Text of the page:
The government’s loneliness strategy highlights the £500,000 recently allocated by the Ministry of Housing, Communities & Local Government to “identify and share effective and deliverable models of service delivery” through the new Parks Action Group.

But the funds for managing the green spaces that people use to socialise, to meet friends or find restorative environments outside the home, continue to shrink. In just one city, Newcastle-upon-Tyne, funding for parks and allotments has been cut by 90 per cent. Over the next ten years, without further cuts, the council faces a shortfall of a further £17.5m.

These cuts are directly linked to austerity policies that have removed resources from local government while adding to local authority responsibilities. In 2019-20, English local authorities face a further loss of £1.3bn in government funds.

In this context, even simple, cheap interventions to increase well-being and reduce loneliness become harder to achieve. The words in the loneliness strategy may be warm, but the climate lonely and isolated people face in English cities continues to grow harsher.

The Conversation

Julian Dobson, Research Associate, Improving Wellbeing through Urban Nature, University of Sheffield.

This article is republished from The Conversation under a Creative Commons license. Read the original article.

 
 
 
 

Urgently needed: Timely, more detailed standardized data on US evictions

Graffiti asking for rent forgiveness is seen on a wall on La Brea Ave amid the Covid-19 pandemic in Los Angeles, California. (Valerie Macon/AFP via Getty Images)

Last week the Eviction Lab, a team of eviction and housing policy researchers at Princeton University, released a new dashboard that provides timely, city-level US eviction data for use in monitoring eviction spikes and other trends as Covid restrictions ease. 

In 2018, Eviction Lab released the first national database of evictions in the US. The nationwide data are granular, going down to the level of a few city blocks in some places, but lagged by several years, so their use is more geared toward understanding the scope of the problem across the US, rather than making timely decisions to help city residents now. 

Eviction Lab’s new Eviction Tracking System, however, provides weekly updates on evictions by city and compares them to baseline data from past years. The researchers hope that the timeliness of this new data will allow for quicker action in the event that the US begins to see a wave of evictions once Covid eviction moratoriums are phased out.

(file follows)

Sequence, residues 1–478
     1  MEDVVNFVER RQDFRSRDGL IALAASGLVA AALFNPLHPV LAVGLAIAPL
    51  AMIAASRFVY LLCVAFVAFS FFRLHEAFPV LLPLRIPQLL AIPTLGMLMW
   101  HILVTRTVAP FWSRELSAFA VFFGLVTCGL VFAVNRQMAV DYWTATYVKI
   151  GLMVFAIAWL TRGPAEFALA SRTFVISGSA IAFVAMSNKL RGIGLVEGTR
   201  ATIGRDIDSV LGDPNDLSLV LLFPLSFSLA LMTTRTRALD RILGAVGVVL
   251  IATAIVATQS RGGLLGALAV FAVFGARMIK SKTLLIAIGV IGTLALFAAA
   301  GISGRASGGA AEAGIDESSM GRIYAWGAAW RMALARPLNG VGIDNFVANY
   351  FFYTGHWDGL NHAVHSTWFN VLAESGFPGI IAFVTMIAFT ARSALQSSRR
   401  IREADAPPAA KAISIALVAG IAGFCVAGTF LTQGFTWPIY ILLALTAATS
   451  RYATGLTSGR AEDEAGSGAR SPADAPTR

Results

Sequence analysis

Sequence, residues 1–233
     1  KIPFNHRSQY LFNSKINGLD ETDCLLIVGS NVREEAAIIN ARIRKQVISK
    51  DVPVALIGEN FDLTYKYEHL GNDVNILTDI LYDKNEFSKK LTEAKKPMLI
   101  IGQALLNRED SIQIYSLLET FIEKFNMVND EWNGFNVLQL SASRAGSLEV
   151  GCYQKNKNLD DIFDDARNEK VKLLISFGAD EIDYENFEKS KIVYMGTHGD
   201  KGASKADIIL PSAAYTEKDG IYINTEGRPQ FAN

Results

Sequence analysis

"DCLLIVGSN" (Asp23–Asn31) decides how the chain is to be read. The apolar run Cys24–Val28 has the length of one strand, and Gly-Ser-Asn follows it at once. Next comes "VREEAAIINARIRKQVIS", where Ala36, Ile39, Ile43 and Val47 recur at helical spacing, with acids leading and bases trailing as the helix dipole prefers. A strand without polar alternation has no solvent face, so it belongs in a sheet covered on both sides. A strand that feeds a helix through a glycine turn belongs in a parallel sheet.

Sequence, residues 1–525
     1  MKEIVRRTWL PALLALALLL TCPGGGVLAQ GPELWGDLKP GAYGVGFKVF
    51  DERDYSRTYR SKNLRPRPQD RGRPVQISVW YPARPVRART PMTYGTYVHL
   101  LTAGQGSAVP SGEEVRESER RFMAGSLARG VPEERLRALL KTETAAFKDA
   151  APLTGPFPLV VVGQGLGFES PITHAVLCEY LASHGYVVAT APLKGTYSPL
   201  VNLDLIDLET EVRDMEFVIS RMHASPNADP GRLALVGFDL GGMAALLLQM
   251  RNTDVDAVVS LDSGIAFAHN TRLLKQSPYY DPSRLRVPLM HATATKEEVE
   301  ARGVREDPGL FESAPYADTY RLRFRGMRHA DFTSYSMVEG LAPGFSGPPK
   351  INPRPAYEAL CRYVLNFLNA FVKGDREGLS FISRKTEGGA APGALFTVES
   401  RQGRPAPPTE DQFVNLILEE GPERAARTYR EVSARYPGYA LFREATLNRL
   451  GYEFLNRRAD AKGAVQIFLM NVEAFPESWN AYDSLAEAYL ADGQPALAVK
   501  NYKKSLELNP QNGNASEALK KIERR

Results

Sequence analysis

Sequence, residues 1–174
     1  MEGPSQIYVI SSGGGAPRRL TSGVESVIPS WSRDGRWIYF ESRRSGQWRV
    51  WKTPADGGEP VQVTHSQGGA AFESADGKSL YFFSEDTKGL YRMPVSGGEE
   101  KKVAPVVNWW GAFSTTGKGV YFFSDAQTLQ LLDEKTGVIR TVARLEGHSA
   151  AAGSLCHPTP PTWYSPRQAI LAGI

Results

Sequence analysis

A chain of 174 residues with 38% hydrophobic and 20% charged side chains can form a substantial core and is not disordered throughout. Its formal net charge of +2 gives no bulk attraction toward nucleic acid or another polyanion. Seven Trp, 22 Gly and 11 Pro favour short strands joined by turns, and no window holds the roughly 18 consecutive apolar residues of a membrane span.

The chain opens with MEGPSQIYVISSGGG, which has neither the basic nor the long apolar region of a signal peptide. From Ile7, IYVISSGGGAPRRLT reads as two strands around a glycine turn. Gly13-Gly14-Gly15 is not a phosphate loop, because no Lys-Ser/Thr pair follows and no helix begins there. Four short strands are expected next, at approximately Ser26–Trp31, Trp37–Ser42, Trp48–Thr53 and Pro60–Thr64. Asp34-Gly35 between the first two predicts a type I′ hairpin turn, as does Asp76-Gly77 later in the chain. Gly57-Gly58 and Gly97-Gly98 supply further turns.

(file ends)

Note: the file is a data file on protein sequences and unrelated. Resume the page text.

But, due to a lack of standardization in eviction filings across the US, the Eviction Tracking System is currently available for only 11 cities, leaving many more places facing a high risk of eviction spikes out of the loop.

Each city included in the Eviction Tracking System shows rolling weekly and monthly eviction filing counts. A percent change is calculated by comparing current eviction filings to baseline eviction filings for a quick look at whether a city might be experiencing an uptick.

Timely US eviction data for a handful of cities is now available from the Eviction Lab. (Courtesy Eviction Lab)

The tracking system also provides a more detailed report on each city’s Covid eviction moratorium efforts and more granular geographic and demographic information on the city’s evictions.

Click to the above image to see a city-level eviction map, in this case for Pittsburgh. (Courtesy Eviction Lab)

As part of their Covid Resource, the Eviction Lab together with Columbia Law School professor Emily Benfer also compiled a scorecard for each US state that ranks Covid-related tenant protection measures. A total of 15 of the 50 US states plus Washington DC received a score of zero because those states provided little if any protections.

CityMetric talked with Peter Hepburn, an assistant professor at Rutgers who just finished a two-year postdoc at the Eviction Lab, and Jeff Reichman, principal at the data science research firm January Advisors, about the struggles involved in collecting and analysing eviction data across the US.

Perhaps the most notable hurdle both researchers addressed is that there’s no standardized reporting of evictions across jurisdictions. Most evictions are reported to county-level governments, however what “reporting” means differs among and even within each county. 

In Texas, evictions go through the Justice of the Peace Courts. In Virginia they’re processed by General District Courts. Judges in Milwaukee are sealing more eviction case documents that come through their courtroom. In Austin, Pittsburgh and Richmond, eviction addresses aren’t available online but ZIP codes are. In Denver you have to pay about $7 to access a single eviction filing. In Alabama*, it’s $10 per eviction filing.